The plan is to deliver a message of good will from Beijing, the host of the 2008 Summer Olympics, to London, where the 2012 games are scheduled to take place. If everything goes according to plan, these long distance riders will arrive in the U.K. not long before the opening ceremonies. The trio are also riding to raise money for the charity Schoolchildren For Children, an organization whose sole purpose is to encourage the U.K.’s youth to get outside and exercise.
The long ride got under way at the China Children Charity Monument, near the Great Wall in Badling. Early on, Megan and her companions will follow the Wall itself, as it winds up and over the steppes, deserts, and mountains of China, on into Central Asia. From there, they’ll ride the remanents of the ancient Silk Road to the shores of the Caspian and Black Seas, before turning their mounts toward Europe, and their eventual destination across the English Channel.
You and read more about the Long Horse Ride, as they are calling the journey, at the official website, and you can read daily updates on Megan’s blog as well, where you’ll find that things are already off to an interesting, and challenging start.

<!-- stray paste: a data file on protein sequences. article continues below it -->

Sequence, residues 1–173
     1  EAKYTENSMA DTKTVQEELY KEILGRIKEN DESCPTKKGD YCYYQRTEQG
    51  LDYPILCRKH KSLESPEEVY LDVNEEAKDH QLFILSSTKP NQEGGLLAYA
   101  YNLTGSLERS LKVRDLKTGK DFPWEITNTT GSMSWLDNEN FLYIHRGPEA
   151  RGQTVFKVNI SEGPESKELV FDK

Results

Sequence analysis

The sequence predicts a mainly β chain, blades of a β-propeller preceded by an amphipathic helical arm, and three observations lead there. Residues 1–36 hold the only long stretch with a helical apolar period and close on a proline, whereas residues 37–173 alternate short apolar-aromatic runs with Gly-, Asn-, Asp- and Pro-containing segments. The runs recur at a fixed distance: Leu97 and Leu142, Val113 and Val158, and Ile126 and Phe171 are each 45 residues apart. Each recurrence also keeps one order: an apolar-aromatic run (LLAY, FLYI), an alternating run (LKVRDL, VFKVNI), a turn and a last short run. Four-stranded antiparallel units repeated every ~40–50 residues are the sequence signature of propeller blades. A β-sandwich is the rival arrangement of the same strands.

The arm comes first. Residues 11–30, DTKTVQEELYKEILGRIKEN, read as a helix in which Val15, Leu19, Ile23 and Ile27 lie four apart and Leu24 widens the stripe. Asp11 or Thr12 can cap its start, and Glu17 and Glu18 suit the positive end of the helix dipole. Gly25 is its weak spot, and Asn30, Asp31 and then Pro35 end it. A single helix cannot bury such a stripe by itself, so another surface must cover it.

There is no doubt that history has a level of influence on the places that many of us visit. We read about far off places and exotic adventures, and it fires our own imaginations, sometimes compelling us to take a journey of our own, and experience the things that we’ve dreamed about.
Forbes Traveler has put together an excellent list of the greatest travel adventures from history, not only putting them in historical context, but also explaining why they remain a great travel experience even to this day. Each of the journeys on this list include a link to a travel service than can help organize your own adventure, following in the footsteps of explorers and adventurers from the past.